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In Perl, which of these is the "better" style?

$hash{"string"} or $hash{string}?

In any case, are they functionality identical?

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1  
In Perl, breaking style rules is good style! –  Artelius Sep 23 '09 at 23:06
2  
The first version works better with code pasted on Stack Overflow. –  Brad Gilbert Sep 23 '09 at 23:09
4  
Why do you care? Really. Surely there must be better things to care about in your code. I don't care which one people use as long as their stuff works. –  brian d foy Sep 24 '09 at 6:43
    
I agree with brian here. Why care? And why care to ask a question if it was asked before? stackoverflow.com/questions/401556/… –  innaM Sep 24 '09 at 8:18
12  
@brian & Manni -- someone just learning Perl can be awfully confused by all of the stylings out there, and Jessica may be just such a person. She may be looking for a 'best practices' while she learns the language. If they are exactly identical in every circumstance that would be good to know. Since they are not, and there are indeed many "hidden' gotchas, that's even more important to know. Cut her some slack, will ya? –  Joe Casadonte Sep 24 '09 at 12:54

7 Answers 7

up vote 13 down vote accepted

From perldata perldoc:

In fact, an identifier within such curlies is forced to be a string, as is any simple identifier within a hash subscript. Neither need quoting. Our earlier example, $days{'Feb'} can be written as $days{Feb} and the quotes will be assumed automatically. But anything more complicated in the subscript will be interpreted as an expression. This means for example that $version{2.0}++ is equivalent to $version{2}++, not to $version{'2.0'}++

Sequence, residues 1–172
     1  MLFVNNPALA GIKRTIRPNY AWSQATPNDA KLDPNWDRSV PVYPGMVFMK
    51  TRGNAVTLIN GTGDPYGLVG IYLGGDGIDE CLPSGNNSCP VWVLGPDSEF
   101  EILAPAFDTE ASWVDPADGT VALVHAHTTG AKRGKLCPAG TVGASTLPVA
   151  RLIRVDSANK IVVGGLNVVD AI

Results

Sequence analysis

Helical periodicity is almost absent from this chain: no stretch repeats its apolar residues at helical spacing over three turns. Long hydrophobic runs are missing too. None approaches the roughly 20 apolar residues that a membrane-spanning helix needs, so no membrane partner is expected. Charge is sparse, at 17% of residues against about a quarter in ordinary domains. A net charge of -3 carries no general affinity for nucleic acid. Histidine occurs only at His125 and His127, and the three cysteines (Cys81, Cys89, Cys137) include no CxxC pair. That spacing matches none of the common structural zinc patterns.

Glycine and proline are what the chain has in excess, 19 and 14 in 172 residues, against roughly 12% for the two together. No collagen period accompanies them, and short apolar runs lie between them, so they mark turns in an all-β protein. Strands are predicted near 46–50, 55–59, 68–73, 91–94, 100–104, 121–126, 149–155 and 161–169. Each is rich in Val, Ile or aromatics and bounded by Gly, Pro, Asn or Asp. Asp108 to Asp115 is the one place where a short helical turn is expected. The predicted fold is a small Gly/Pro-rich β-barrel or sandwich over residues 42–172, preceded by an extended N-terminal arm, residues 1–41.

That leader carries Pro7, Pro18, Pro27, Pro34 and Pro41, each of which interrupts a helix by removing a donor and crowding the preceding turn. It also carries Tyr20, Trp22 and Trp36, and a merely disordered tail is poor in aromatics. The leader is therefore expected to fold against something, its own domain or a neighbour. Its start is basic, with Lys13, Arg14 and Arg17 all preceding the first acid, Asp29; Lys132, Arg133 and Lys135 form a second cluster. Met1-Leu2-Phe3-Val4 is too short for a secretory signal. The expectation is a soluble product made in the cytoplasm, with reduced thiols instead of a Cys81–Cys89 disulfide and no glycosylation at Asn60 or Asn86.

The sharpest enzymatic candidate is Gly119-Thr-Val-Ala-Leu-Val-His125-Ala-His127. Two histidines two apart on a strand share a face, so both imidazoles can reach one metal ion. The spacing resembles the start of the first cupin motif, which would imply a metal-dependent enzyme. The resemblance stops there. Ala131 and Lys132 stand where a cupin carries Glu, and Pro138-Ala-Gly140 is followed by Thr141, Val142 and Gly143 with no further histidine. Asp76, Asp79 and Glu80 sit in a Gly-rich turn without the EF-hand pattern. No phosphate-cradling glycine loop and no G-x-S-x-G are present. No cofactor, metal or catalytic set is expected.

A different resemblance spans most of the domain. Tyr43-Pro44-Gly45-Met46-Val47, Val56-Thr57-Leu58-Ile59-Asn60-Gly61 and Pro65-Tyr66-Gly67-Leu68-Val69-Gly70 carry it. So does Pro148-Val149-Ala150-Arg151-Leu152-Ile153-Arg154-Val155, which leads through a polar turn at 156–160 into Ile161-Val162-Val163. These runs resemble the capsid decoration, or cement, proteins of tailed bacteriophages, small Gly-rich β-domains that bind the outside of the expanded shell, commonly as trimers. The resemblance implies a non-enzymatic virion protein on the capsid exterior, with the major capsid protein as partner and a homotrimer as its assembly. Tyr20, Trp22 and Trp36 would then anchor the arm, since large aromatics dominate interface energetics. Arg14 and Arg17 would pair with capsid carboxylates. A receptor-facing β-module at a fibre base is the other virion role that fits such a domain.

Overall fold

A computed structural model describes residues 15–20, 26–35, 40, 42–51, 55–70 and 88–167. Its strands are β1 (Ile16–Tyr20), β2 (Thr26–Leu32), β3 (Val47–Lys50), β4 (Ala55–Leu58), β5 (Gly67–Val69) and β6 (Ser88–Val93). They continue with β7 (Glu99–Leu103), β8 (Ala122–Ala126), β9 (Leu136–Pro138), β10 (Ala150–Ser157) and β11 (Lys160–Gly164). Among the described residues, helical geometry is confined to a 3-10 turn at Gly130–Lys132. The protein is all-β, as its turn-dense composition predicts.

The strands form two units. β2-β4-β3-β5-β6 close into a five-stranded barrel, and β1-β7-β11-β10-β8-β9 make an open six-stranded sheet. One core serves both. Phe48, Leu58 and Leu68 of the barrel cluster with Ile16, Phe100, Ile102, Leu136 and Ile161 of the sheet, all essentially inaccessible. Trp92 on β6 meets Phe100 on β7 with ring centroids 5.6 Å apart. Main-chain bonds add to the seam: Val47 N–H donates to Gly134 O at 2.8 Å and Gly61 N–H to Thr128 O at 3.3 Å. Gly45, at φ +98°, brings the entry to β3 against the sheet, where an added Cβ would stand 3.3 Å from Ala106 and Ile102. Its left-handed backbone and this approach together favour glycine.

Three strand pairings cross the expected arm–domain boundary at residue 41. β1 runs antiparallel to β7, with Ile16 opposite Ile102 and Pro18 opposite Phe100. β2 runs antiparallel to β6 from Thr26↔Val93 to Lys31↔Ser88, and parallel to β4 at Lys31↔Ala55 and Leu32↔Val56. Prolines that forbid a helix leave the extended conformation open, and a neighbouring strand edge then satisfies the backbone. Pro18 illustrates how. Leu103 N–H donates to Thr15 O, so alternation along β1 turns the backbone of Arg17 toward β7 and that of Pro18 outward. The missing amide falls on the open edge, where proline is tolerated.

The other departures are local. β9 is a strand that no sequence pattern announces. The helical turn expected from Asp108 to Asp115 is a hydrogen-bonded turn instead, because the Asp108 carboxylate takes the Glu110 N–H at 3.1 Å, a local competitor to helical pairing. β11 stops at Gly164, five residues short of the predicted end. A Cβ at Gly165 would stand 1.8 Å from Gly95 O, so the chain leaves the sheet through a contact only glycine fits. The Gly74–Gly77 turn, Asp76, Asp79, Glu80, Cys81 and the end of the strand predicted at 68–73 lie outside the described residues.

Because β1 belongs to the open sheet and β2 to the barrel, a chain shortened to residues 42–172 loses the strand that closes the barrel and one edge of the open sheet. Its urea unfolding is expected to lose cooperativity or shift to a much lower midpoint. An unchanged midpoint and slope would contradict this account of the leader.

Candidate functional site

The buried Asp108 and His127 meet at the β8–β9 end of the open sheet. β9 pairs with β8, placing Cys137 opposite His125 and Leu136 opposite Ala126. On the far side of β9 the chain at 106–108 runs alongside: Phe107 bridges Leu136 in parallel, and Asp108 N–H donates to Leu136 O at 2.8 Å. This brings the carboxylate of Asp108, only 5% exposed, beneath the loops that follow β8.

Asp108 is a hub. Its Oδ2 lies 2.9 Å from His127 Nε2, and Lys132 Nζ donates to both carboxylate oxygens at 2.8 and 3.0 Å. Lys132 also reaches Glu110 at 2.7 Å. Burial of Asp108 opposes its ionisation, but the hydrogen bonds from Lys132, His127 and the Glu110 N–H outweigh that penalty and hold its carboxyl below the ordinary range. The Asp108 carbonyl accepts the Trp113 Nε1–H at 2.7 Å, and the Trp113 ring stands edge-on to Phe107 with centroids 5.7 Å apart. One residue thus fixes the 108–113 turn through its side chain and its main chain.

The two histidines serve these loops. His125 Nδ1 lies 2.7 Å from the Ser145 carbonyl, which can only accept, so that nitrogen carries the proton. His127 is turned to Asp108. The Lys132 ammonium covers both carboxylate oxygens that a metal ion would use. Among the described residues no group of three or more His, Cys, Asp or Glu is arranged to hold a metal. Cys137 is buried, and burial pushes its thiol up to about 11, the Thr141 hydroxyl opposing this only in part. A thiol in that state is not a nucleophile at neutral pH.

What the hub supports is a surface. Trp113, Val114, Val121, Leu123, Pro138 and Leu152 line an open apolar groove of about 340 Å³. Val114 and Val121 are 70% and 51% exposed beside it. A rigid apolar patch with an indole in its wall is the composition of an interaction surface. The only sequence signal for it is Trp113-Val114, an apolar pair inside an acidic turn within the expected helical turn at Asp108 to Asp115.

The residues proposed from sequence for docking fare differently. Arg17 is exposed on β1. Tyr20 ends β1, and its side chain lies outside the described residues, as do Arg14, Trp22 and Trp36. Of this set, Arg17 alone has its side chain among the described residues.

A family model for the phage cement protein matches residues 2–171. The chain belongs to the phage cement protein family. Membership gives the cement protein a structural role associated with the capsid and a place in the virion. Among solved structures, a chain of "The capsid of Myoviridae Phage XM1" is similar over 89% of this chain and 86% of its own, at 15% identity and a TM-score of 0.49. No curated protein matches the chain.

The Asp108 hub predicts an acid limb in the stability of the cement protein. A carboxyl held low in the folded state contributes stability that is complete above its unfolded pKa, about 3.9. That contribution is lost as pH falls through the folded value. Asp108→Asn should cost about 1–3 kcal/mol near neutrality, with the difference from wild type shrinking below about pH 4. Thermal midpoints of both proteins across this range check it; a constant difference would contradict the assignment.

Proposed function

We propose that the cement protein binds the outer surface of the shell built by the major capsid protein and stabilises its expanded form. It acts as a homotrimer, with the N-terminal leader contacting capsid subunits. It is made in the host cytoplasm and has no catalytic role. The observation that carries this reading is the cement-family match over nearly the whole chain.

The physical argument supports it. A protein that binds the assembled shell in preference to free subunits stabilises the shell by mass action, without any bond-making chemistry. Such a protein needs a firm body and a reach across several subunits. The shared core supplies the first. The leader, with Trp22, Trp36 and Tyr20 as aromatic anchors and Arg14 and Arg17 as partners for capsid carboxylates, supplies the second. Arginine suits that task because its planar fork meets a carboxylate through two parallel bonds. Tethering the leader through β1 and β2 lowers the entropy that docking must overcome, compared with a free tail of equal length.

So yes fundamentally identical. However beware of gotchas:

sub is_sub { 'Yep!' }

my %hash;
$hash{ is_sub   } = 'Nope';
$hash{ is_sub() } = 'it is_sub!!';

say Dumper \%hash;

Will show:

$VAR1 = { 'is_sub' => 'Nope', 'Yep!' => 'it is_sub!!' };

My preference is for the bareword... but remember those () or a preceding + (see jrockway's comment and answer) if you're calling a sub ;-)

/I3az/

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Your example regarding $version{2.0} vs. $version{'2.0'} is confusing to me considering this: perl -e '$foo{'2.0'}=1; print $foo{'2'}++, $foo{2}++, $foo{2.0}++, $foo{1+1}++, "\n";' The value in the braces is evaluated into a scalar and that scalar is used as the key. So I have to assume that you didn't test your example or that I'm missing something subtle in what you're trying to say. (For me it prints 1234) –  Jim Dennis Sep 24 '09 at 5:06
    
Unfortunately your example is incorrect. Actually I'm surprised it even parsed OK. U're using single quotes on the -e and in the hash index. Anyway if you check your $foo hash values after settings you get { '2.0' => 1, '2' => 4 }... which is the answer you would expect to see –  draegtun Sep 24 '09 at 8:49
    
You can also write +function instead of function(). –  jrockway Sep 24 '09 at 13:15
    
More specific link: perldoc.perl.org/perldata.html#Scalar-value-constructors –  Brad Gilbert Sep 25 '09 at 15:15

They're functionally identical, that is until your key has a space or some other non-alphanumeric character in it. Then you have to use the quoted approach.

I prefer to not quote and use names that contain alpha_num and the underscore. That lets me get away with not quoting most of the time.

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3  
They aren't functionally identical. In certain cases, you get the same result, but not for the same reason. –  brian d foy Sep 24 '09 at 6:42
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The question was whether $hash{"string"} is identical to $hash{string}, which it is. –  Artem Russakovskii Sep 24 '09 at 15:37